Other Risk Factors

Age and lifestyle factors can have an impact on your risk for colorectal cancer. These factors include:

  • Age, 50 years and older (the risk increases with age)
  • Sedentary lifestyle
  • Smoking
  • Alcohol use
  • Increased weight

What's New in Colorectal Treatments?

Along with traditional chemotherapy, immunotherapy and targeted therapies are the newest treatment approaches for patients with colorectal cancer.

Targeted drugs

Targeted drugs are newer medications that stop tumors from growing by targeting certain growth factors that stimulate the growth of cancer cells in the tumor. In colorectal cancer, the new targeted drugs target VEGF and EGFR, the 2 growth factors associated with colorectal cancer. Current targeted therapies for colorectal cancer include:

  • Avastin (bevacizumab)
  • Erbitux (cetuximab)
  • Stivarga (regorafenib)
  • Vectibix (panitumumab)
  • Zaltrap (ziv-aflibercept)
Immunotherapies

Immunotherapy uses the body’s immune system to kill cancer cells. Currently, there are no immunotherapies available for patients with colorectal cancer. However, such therapies are being developed and are now being tested in clinical trials.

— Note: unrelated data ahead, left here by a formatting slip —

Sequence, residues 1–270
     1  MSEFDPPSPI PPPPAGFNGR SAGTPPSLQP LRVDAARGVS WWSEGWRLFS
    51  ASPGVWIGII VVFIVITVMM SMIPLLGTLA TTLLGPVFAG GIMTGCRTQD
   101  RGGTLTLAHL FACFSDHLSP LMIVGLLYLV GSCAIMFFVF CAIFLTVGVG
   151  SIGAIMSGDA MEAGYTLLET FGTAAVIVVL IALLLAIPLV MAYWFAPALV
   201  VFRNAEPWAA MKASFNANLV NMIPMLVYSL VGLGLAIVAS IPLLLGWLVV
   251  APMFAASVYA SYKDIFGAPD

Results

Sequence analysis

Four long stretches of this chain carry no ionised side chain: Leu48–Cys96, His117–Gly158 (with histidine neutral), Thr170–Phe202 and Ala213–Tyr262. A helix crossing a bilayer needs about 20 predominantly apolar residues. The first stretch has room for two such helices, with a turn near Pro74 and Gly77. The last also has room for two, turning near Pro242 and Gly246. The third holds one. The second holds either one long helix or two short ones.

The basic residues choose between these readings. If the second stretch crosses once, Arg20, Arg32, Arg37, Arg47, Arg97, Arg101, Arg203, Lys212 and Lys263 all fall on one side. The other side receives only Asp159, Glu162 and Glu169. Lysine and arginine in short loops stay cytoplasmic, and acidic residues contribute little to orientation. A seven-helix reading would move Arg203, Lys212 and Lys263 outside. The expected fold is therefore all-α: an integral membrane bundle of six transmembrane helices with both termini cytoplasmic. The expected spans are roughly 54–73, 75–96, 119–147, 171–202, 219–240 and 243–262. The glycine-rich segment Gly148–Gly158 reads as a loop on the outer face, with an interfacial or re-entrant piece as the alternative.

The goal is to develop a vaccine that can treat colorectal cancer and prevent it from recurring (coming back). Vaccine therapy for cancer is meant to increase the patient’s immune system response to help the body fight off the cancer.

Patient Resources

Recommended For You
Cancer BiomarkersCancer ScreeningIssue Introductions
What on Earth Is a “Biomarker”?
By Lillie D. Shockney, RN, BS, MAS, ONN-CG
In her Introduction to the special edition of CONQUER titled Understanding Biomarkers & Molecular Testing, Lillie D. Shockney, RN, BS, MAS, ONN-CG, briefly explains what biomarkers are, why they are important, and what you should know about them.  
Colorectal CancerPatient Stories
Gift of the Dragonflies
By Cindy Simpson Wise, MSN, RN, CNS, OCN
When treatment for advanced colon cancer forced Cindy Simpson Wise to slow her busy pace, she found comfort in surrounding herself with nature’s beauty and in focusing on hope and joy.
Colorectal Cancer
Drugs for Colorectal Cancer
Here are the drugs and financial support services available to patients receiving treatment for Colorectal Cancer.
Last modified: October 5, 2017

Subscribe to CONQUER: the patient voice® magazine

Receive timely cancer news & updates, patient stories, and more.

Country